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Israel Resolved to Continue Its Part in the Peace Process

Israel is resolved to continue its part in the peace process with Egypt, despite the assassination of President Anwar Sadat, provided there is no change in Egypt’s attitude.

That position emerged at a special meeting of the Cabinet this morning, 24 hours after the Egyptian leader was gunned down by a group of men in military uniform as he watched a military parade commemorating the Yom Kippur War. At least II other people were killed and between 27 and 35 people wounded, according to various reports.

The Israeli position was made clear in the messages Premier Menachem Begin sent today, with Cabinet approval, to Vice President Hosni Mubarak of Egypt and Dr. Sufi Abu Taleb, Speaker of the National Assembly who is acting President of Egypt pending the election of a successor to Sadat.

A SACRED TRUST TO FULFILL

The message to Mubarak, which expressed the condolences of the people and government of Israel to the people and government of Egypt, stated, in part: “We are confident that the legacy of peace of President Sadat will live on. He said, ‘No more war,’ Let us have peace forever. This is the sacred trust we all have to fulfill … I hope you will overcome all the difficulties on the path toward enduring the future.”

To Abu Taleb Begin said, “We believe that the peace-loving people of Egypt will continue the efforts to strengthen the friendship and cooperation between our nations and to achieve peace in our region.” The Premier also sent a personal message of condolence to Jihan Sadat, widow of the slain Egyptian President, on behalf of his wife Aliza and himself.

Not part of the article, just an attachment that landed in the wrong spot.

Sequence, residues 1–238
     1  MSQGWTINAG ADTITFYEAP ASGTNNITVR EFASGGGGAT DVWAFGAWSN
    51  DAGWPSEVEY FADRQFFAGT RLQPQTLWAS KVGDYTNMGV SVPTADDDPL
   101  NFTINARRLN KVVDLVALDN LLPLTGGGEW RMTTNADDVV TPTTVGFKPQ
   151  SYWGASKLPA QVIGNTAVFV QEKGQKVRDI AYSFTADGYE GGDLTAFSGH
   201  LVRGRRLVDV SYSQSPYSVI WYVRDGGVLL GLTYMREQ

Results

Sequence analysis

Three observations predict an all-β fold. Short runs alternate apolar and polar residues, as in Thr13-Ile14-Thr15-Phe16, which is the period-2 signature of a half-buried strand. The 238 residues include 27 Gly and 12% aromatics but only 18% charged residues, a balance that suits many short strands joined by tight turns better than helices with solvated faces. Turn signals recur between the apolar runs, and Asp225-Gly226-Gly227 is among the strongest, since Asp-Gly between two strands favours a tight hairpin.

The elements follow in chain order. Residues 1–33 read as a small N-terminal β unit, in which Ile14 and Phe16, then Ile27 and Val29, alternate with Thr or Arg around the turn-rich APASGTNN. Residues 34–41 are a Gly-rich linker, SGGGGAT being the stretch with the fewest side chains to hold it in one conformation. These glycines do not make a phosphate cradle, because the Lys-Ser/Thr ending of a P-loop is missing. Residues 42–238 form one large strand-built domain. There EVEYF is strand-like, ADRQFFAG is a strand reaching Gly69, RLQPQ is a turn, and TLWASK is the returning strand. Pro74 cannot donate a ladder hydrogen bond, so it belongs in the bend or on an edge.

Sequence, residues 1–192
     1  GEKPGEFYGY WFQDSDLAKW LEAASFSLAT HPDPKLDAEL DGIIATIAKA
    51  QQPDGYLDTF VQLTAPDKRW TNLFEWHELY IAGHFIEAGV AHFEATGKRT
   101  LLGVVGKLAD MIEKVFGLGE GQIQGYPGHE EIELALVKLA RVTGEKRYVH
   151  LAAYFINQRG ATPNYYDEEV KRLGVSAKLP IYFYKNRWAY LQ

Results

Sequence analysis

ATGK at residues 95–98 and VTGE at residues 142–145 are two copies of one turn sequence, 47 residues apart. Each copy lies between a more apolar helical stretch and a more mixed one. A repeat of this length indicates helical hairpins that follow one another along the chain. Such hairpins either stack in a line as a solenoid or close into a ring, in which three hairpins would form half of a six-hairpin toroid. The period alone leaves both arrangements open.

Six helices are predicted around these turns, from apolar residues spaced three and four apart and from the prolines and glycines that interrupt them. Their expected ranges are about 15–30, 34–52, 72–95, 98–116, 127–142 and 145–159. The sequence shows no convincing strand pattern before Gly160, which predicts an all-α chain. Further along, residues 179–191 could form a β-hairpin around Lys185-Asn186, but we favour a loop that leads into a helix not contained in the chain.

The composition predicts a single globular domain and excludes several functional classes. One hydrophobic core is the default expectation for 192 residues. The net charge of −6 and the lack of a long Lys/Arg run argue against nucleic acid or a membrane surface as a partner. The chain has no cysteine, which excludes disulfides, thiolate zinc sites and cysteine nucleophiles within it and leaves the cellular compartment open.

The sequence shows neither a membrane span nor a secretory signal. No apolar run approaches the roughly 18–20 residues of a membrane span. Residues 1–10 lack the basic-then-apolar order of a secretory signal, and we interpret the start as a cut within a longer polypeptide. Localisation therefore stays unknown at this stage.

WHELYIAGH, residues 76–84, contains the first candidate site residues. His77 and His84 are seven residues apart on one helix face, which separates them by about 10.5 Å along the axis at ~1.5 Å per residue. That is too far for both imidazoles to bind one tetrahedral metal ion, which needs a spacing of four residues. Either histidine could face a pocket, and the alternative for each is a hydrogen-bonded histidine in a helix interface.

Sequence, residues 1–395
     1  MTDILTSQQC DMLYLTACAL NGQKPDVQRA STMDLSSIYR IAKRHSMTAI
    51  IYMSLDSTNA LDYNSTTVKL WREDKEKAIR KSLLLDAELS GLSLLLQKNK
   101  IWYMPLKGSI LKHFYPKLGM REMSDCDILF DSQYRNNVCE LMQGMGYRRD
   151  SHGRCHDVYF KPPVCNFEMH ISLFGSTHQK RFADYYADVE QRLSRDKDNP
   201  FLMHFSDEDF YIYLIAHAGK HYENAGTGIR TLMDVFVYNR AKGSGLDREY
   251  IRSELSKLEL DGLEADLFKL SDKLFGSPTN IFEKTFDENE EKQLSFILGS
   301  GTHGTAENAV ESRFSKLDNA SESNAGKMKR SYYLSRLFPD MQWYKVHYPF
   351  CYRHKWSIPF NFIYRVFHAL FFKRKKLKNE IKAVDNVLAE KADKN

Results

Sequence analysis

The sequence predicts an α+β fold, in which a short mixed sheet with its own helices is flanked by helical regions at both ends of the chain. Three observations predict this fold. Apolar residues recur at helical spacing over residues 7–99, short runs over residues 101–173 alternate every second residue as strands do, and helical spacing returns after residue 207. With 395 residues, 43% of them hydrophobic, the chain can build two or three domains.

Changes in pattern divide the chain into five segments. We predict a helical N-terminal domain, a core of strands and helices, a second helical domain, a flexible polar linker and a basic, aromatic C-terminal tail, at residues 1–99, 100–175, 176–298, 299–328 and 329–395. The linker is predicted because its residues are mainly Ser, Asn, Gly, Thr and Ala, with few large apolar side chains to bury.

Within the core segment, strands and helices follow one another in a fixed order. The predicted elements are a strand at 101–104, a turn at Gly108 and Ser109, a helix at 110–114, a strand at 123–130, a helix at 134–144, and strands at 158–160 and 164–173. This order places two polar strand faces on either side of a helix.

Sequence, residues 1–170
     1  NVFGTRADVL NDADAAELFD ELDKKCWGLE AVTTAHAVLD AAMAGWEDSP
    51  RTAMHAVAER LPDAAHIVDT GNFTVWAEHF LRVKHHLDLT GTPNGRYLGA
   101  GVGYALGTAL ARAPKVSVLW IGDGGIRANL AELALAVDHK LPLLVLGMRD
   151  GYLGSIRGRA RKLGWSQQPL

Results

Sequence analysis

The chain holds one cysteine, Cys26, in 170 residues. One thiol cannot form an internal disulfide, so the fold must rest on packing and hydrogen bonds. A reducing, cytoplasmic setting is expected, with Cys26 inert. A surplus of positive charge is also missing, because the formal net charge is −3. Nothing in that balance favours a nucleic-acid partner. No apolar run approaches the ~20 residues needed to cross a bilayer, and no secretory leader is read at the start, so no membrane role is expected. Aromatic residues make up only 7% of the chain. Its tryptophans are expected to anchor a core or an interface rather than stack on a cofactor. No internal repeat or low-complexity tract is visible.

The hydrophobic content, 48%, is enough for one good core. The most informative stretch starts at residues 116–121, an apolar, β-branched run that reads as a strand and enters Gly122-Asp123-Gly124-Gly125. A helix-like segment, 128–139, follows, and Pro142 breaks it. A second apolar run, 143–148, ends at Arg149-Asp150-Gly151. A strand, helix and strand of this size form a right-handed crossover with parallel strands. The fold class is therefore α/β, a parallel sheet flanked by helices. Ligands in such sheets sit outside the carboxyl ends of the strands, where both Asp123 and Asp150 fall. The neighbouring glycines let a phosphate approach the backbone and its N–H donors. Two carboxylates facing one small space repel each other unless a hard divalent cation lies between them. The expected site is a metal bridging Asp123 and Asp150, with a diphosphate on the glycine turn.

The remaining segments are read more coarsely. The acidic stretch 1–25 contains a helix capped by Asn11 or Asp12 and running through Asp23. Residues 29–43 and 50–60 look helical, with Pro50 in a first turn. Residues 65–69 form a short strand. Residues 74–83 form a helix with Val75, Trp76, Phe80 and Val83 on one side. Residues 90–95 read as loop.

According to Egyptian law, the National Assembly — Parliament — has 60 days to elect a President. It then submits its choice to a popular referendum. The executive committee of the ruling National Democratic Party, the party headed by Sadat, announced in Cairo this morning that it would nominate Mubarak to be the next President of Egypt. Inasmuch as the party controls all but a handful of seats in the National Assembly, his election seems assured.

Mubarak is said to have been groomed by Sadat to be his successor. He was a participant in Sadat’s negotiations with Israel and the United States and was in Washington only last week, as Sadat’s emissary to discuss various matters with Administration officials.

While he is well known personally in the U.S. and Israel, the 53-year-old former commander of the Egyptian Air Force functioned in the shadow of the charismatic Sadat. Observers here and abroad agree that his ability to fill the political vacuum left by Sadat remains to be seen.

Therefore, Israeli government analysts will be watching developments in Cairo very closely in the days and weeks ahead for evidence that Mubarak is firmly in control and that he is firmly committed to the peace process with Israel.

To many Israeli observers, including former Foreign Minister Moshe Dayan and former Premier Yitzhak Rabin, the role of the U.S. is now more crucial than ever in saving the peace process. “They must do everything possible to help,” Dayan said in a television interview last night. The consensus here is that the U.S. must quickly and unequivocally indicate its support for Sadat’s successors and for the peace process.

BEGIN TO ATTEND SADAT’S FUNERAL

Meanwhile, the Cabinet announced this morning that Begin “will represent the State of Israel” at Sadat’s funeral. The funeral will be held Saturday. Government sources said Begin decided last night to attend in person and will be quartered within walking distance so as not to violate the Sabbath.

They noted, however, that the Egyptian authorities have not yet indicated whether heads of government or any foreign dignitaries will be invited because of the security situation. The Egyptian government declared an emergency to be in effect for one year, which includes a ban on all public gatherings and parades.

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